Hemp oil is also a natural humectant, which means it draws moisture into the skin. Instead of sitting on top of the skin the way less-effective oils do, it’s able to penetrate the skin, moisturizing between cells and strengthening the cell matrix. It can get to hair roots, as well, strengthening the scalp and reducing dry flaking or dandruff. It evens out skin tone and reduces blotchiness.
How to Use It
Hemp oil is inexpensive—especially when you think of all the products it replaces: acne treatments, makeup to cover problem areas, moisturizers, and makeup removers, for instance. Here are just a few ways you can use this effective oil in your daily skin and hair care routines.
- Alleviate dry skin. Rub the oil directly onto dry, cracked skin. For a deep conditioning treatment for hands and feet, massage in the oil then wear socks or gloves overnight to let it work its magic.
- Strengthen nails and heal cuticles. Massage a small amount of hemp oil directly into nails and cuticles—great for both fingernails and toenails.
- Remove makeup. Oil follows the “like dissolves like” rule, which means that hemp oil will dissolve the oils and waxes in makeup, especially in stubborn eye makeup. Gently rub a small amount of oil into the makeup and wipe with a cotton ball or a soft tissue.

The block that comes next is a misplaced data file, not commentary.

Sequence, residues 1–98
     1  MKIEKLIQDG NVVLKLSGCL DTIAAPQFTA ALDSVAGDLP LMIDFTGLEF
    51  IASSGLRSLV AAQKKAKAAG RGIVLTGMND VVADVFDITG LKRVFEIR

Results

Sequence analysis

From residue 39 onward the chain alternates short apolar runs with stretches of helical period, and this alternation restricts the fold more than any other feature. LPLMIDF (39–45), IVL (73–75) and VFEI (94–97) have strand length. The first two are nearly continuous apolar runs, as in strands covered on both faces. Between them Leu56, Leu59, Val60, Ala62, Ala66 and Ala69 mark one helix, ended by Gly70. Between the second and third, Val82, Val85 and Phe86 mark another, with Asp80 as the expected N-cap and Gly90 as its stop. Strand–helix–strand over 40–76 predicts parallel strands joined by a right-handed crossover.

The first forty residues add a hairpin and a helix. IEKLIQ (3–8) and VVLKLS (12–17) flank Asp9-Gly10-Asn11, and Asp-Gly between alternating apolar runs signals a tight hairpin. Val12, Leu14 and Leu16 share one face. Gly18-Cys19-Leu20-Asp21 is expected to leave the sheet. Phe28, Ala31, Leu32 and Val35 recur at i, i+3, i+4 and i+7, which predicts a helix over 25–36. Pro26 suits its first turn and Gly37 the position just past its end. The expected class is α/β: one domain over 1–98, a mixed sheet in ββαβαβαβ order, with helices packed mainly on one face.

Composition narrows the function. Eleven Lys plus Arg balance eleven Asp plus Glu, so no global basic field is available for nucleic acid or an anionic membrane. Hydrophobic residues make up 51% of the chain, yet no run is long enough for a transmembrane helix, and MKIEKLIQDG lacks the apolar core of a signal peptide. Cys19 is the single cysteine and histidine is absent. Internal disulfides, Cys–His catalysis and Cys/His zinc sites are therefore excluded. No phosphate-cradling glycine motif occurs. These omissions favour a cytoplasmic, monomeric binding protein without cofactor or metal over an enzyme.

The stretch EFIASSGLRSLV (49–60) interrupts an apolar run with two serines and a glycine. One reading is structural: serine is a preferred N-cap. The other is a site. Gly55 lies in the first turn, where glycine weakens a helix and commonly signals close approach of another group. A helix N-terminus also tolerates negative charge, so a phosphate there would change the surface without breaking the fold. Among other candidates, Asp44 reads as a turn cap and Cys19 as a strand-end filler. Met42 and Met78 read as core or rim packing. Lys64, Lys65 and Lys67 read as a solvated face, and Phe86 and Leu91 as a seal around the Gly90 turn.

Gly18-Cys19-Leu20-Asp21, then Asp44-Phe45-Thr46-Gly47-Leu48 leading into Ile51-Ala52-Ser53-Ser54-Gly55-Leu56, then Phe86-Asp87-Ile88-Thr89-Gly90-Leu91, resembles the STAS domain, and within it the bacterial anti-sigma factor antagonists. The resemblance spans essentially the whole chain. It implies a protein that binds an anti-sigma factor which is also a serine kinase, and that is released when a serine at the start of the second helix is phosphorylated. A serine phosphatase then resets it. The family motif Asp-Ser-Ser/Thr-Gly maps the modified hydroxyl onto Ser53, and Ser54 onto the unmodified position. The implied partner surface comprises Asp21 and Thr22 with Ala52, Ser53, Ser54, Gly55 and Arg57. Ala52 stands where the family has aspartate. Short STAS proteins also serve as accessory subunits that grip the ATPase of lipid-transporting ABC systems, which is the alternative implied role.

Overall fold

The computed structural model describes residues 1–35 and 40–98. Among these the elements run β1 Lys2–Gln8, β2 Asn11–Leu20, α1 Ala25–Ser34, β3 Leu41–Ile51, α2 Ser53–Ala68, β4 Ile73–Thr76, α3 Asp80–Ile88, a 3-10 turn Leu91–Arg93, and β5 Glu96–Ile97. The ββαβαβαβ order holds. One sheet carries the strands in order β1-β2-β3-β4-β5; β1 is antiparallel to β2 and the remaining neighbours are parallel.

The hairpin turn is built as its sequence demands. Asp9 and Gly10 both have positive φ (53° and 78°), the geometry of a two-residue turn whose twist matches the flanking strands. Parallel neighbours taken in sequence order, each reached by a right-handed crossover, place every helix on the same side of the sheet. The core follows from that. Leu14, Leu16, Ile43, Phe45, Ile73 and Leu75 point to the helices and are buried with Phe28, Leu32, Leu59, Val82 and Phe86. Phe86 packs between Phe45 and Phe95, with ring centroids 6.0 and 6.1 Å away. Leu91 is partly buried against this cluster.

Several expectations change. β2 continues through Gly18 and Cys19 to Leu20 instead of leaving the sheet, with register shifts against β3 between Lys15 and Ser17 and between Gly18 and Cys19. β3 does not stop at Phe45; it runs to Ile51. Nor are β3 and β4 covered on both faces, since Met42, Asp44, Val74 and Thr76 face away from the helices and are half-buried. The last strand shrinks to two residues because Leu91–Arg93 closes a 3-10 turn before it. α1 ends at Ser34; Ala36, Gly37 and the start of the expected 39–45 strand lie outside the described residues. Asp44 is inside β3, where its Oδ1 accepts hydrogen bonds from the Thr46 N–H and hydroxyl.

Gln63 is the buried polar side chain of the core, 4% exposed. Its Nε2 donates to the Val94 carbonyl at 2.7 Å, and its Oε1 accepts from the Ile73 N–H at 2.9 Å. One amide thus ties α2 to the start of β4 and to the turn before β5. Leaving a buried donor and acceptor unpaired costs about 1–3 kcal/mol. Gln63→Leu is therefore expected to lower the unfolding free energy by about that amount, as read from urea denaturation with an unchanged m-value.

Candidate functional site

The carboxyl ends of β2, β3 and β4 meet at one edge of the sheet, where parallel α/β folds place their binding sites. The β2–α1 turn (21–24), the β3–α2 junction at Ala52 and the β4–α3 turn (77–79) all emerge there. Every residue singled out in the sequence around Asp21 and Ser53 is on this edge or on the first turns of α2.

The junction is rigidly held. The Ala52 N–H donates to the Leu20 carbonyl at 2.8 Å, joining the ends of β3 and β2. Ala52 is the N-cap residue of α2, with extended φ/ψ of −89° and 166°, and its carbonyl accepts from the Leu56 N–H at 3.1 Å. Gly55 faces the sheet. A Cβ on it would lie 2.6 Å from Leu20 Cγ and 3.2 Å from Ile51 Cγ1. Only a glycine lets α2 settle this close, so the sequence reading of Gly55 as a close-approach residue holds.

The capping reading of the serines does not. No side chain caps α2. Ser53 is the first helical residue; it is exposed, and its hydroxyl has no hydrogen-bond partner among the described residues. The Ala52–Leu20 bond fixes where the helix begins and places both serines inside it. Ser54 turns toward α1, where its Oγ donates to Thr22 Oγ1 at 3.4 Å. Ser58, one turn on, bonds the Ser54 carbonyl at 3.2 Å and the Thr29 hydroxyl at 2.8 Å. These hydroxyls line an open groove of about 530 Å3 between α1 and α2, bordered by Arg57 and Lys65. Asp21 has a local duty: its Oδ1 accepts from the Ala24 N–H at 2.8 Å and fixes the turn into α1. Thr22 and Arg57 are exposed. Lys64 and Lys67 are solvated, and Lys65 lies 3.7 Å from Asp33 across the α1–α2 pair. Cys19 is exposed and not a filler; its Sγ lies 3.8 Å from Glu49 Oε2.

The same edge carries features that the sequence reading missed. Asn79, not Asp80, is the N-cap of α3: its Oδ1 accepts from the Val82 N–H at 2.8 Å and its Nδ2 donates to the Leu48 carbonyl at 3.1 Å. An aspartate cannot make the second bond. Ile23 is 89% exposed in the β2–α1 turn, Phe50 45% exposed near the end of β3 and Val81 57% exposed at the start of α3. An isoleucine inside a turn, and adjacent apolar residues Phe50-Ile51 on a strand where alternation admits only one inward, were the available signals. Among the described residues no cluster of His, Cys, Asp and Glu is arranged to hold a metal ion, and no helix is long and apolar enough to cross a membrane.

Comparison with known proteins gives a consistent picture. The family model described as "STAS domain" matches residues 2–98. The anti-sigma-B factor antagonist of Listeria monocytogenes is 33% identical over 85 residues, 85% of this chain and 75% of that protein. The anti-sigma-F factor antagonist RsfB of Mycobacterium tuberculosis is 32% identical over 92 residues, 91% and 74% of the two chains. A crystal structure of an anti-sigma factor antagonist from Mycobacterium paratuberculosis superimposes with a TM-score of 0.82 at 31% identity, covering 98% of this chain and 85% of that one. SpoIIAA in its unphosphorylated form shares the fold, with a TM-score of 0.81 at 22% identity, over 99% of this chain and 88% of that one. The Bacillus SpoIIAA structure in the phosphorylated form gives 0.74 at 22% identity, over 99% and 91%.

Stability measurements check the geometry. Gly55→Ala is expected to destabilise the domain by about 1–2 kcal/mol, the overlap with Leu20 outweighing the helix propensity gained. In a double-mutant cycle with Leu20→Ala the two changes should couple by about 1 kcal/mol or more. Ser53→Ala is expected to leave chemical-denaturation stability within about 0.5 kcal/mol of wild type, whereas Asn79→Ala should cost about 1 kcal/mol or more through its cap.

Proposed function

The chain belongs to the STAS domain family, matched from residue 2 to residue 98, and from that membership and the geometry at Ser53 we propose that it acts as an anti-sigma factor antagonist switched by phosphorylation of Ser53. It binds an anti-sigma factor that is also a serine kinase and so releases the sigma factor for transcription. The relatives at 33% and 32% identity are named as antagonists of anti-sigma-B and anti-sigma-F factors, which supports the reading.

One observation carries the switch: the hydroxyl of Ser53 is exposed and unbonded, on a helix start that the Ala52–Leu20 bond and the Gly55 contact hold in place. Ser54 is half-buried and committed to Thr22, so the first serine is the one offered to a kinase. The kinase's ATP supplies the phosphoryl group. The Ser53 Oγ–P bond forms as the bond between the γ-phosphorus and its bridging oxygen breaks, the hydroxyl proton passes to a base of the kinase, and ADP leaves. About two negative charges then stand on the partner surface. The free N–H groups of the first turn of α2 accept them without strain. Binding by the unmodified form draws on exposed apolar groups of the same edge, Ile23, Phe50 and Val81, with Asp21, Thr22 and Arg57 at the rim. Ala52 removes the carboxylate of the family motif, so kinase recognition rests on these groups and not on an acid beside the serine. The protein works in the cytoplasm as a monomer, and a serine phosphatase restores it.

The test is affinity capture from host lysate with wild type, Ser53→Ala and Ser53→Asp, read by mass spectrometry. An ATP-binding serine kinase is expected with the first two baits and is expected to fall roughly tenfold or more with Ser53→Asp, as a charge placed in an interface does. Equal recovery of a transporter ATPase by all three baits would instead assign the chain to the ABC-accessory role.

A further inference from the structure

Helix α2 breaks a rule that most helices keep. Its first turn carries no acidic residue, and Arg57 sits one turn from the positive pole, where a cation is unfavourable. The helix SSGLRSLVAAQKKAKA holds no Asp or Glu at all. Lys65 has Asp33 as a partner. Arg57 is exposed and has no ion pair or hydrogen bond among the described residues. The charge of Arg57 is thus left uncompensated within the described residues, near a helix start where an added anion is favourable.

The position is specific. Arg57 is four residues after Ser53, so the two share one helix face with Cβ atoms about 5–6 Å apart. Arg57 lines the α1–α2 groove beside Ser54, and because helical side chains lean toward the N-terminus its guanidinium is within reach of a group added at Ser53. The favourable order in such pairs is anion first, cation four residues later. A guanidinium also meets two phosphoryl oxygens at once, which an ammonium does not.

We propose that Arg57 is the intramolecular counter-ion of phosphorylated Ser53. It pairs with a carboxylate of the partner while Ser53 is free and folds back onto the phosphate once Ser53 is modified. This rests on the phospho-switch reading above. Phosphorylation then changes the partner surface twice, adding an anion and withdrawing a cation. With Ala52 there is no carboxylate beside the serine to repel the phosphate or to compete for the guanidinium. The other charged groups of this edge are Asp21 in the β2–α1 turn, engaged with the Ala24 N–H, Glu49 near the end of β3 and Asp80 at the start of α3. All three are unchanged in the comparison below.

- Mask overnight. Massage hemp oil into cleansed facial skin before bedtime.
- Steam facial skin. Massage a tablespoon of oil into the skin on your dry, clean face, massaging for several minutes. Then lay a hot (not scalding) damp washcloth over your face and let it sit until it cools. Wipe with the washcloth. Repeat with another hot washcloth until all the oil is wiped off. Washing your face afterwards is optional.
- Condition hair. Before shampooing, massage a tablespoon or so of hemp oil into your scalp and let it sit for about 10 minutes. Afterwards, shampoo as normal. You might find you don’t need conditioner.
- Reduce acne. This may sound crazy, but this oil actually reduces acne. Massage hemp oil into problem areas and work it in gently for several minutes. The oil will actually draw out sebum plugs that cause whiteheads, blackheads, and even cysts. Do this daily during breakouts.
- Relieve eczema. A 2005 study found that 2 tablespoons of dietary hemp seed oil consumed daily may help relieve the effects of atopic dermatitis, or eczema.
- Support overall health. Eat it. You can eat it straight and enjoy its nutty flavor or you can put it in salad dressings, as a butter replacement on toast, rice, potatoes, vegetables...it’s delicious! Keep in mind that pure hemp seed oil cannot be used for high-heat cooking. It has a low smoke point and will totally break down even at a moderate heat, at which point all nutritional benefits are lost.
Lisa Bronner is the writer of the blog Going Green with a Bronner Mom, in connection with her family’s company, Dr. Bronner’s, makers of best-selling organic personal care products. Through her writing and public speaking, Lisa guides consumers through the quagmire of the organic marketplace and simplifies the process of green living at home. Embracing the concept of stewardship, she recognizes individuals’ ability to make a world of difference by how they live their every day. A stay-at-home mom to three, she believes that regularly gathering with them around the family dinner table is the single most important parenting act in her day.